A Saudi-backed takeover of Newcastle United appears to be nearing completion at a time when the rest of the football industry is on its knees due to the economic crisis caused by the coronavirus pandemic.
For Saudi Arabia's Public Investment Fund (PIF), led by Crown Prince Mohammed bin Salman, the crisis presents a commercial opportunity and a chance to break into the lucrative Premier League.
But the potential £300 million deal, which will reportedly see the Saudi fund take an 80 percent stake in the club, is facing fierce opposition from human rights groups and one of Saudi's regional rivals.
The Premier League bubble is close to bursting as clubs scramble to avoid losing hundreds of millions in broadcast rebates if the season is not completed and a deep recession threatens income from gate receipts, merchandise and sponsorship.
As a result, transfer fees are expected to drop sharply while wages will also be depressed, with even the world's wealthiest clubs now hastily arranging pay cuts or deferrals with their star players.
The spectre of a Saudi takeover throws another spanner in the works for the league's governance at a time of crisis.
Critics have accused Saudi Arabia of "sports washing", saying the government uses sport as a way of distracting attention from its human rights record.
Global rights group Amnesty International wrote to Premier League chief executive Richard Masters on Tuesday, warning the competition "risks becoming a patsy" unless it takes a serious look at the rights issue.
"If the crown prince, by virtue of his authority over the Public Investment Fund, takes control of Newcastle United, we are questioning how that can possibly be positive for the reputation of the Premier League," Felix Jakens, Amnesty UK's Head of Priority Campaigns and Individuals at Risk, told AFP.
The Newcastle bid comes just months after five people were sentenced to death over the 2018 murder in Saudi Arabia's Istanbul consulate of Jamal Khashoggi, a journalist who had been critical of the Saudi regime.
The murder, described by Riyadh as a "rogue" operation, tipped Saudi Arabia into one of its worst diplomatic crises and tarnished the reputation of the crown prince, who is the de facto ruler of the country.
But resistance to the deal may come down to a monetary rather than moral judgement.
One of the Premier League's biggest overseas broadcasters, BeIN Sports, has written to all 20 English top-flight clubs warning the "future economic model of football" is at stake if the Saudi takeover is allowed to go through.
Qatar-based BeIN accuses Saudi of masterminding the pirate broadcasting of BeIN output, which included Premier League games, as part of a spat between Doha and Riyadh. Saudi denies the claims.
Despite the criticism, Britain's Culture secretary Oliver Dowden insisted the Government will not intervene in the Premier League vetting of potential owners.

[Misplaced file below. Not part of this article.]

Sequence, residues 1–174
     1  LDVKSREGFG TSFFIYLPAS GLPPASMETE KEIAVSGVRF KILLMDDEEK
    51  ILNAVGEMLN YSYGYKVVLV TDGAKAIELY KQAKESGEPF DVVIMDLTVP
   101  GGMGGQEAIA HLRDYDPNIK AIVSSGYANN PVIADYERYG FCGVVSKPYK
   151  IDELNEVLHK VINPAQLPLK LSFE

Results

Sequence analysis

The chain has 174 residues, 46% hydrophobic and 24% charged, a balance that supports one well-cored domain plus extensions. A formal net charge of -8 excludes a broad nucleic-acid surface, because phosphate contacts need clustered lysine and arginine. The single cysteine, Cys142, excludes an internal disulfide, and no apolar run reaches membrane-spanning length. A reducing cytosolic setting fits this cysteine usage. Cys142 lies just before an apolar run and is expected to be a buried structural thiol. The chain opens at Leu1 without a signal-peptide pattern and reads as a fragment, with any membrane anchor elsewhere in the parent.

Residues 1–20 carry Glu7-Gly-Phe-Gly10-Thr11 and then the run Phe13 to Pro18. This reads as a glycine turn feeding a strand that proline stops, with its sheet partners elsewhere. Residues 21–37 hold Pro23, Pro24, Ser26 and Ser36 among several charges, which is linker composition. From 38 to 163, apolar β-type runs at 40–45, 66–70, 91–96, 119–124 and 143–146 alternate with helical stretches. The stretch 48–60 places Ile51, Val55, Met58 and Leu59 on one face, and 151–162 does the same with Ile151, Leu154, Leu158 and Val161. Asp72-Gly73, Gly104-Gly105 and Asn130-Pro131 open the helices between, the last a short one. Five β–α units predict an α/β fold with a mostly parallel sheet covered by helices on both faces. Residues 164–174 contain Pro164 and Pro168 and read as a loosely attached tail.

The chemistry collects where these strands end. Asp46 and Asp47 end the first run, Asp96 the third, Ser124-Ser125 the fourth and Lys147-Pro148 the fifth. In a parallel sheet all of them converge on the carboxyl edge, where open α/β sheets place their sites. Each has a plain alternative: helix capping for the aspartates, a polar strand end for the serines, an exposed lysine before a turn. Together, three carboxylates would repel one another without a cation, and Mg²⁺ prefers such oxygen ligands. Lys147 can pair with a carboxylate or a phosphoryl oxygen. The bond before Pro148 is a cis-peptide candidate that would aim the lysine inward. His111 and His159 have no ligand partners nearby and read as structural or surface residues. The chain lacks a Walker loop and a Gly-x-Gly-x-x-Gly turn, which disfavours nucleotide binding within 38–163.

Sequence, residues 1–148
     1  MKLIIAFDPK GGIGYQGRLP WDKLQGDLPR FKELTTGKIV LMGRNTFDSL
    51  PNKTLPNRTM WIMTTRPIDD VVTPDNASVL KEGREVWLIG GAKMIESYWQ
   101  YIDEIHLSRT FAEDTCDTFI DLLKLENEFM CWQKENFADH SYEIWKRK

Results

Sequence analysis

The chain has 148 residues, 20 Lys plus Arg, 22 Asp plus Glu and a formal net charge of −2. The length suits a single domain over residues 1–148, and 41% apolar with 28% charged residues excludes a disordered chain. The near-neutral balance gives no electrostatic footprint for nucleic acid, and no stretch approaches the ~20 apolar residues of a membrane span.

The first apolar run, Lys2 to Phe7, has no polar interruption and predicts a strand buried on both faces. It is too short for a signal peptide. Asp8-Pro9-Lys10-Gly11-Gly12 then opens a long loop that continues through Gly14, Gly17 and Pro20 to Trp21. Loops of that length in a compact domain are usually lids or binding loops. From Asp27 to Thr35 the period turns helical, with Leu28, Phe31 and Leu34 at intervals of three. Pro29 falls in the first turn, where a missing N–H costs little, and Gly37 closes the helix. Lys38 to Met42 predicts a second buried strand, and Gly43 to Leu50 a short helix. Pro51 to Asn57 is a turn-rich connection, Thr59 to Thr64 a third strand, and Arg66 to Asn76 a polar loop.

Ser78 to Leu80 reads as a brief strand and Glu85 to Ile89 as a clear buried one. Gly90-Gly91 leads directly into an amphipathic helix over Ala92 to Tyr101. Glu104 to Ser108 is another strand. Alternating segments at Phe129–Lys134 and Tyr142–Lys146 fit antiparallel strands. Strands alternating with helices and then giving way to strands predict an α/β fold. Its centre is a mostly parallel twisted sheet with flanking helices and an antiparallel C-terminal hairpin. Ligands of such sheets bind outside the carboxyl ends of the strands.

"As you know the fit and proper person test is undertaken by the Premier League and I don't want to prejudge the process," Bowden told a Digital, Culture, Media and Sport committee session on Wednesday.
"I think it's a matter for them. I am content that they should carry out that test."
For those competing at the top of the table, a Saudi-backed Newcastle could also become a threat on the pitch.
Prior to a takeover from Sheikh Mansour, a member of the Abu Dhabi royal family in 2008, Manchester City had not won a major trophy since 1976.
The English champions have now won 11 in the past nine years, including four Premier League titles.
The investment required to raise City's status from mid-table mediocrity to title contenders resulted in losses of 584 million in the first six years of the Abu Dhabi reign.
By buying in at a time when most other clubs are strapped for cash, the PIF could transform Newcastle's fortunes on the field more quickly and at a much lower cost.
"The vultures and predators will pick off good players for very modest fees," football finance expert Kieran Maguire told AFP.
The Saudi PIF did not respond to AFP's request for comment.
The chances of other clubs mirroring what City and Qatari-owned Paris Saint-Germain have done in spending their way into the elite of European football seemed to have been ended by financial fair play (FFP) rules.
To gain access to UEFA's lucrative European competitions, clubs must not lose more than €30 million ($33 million) over a three-year period.
Indeed, subject to an appeal, City have been banned by UEFA from European competitions for the next two seasons for overstating their sponsorship revenue.
Premier League rules on FFP are far less restrictive, with losses up to £105 million over the course of three years allowed.
However, given the damage wreaked on the football industry by the coronavirus shutdown, the authorities may have to relax punitive sanctions for breaching FFP in the coming seasons.
A UEFA working group is already studying how FFP will need to be adapted following the crisis.
Should their appetite for spending not be curbed by FFP and with the PIF sitting on assets worth $320 billion, Newcastle could soon be the envy of European football.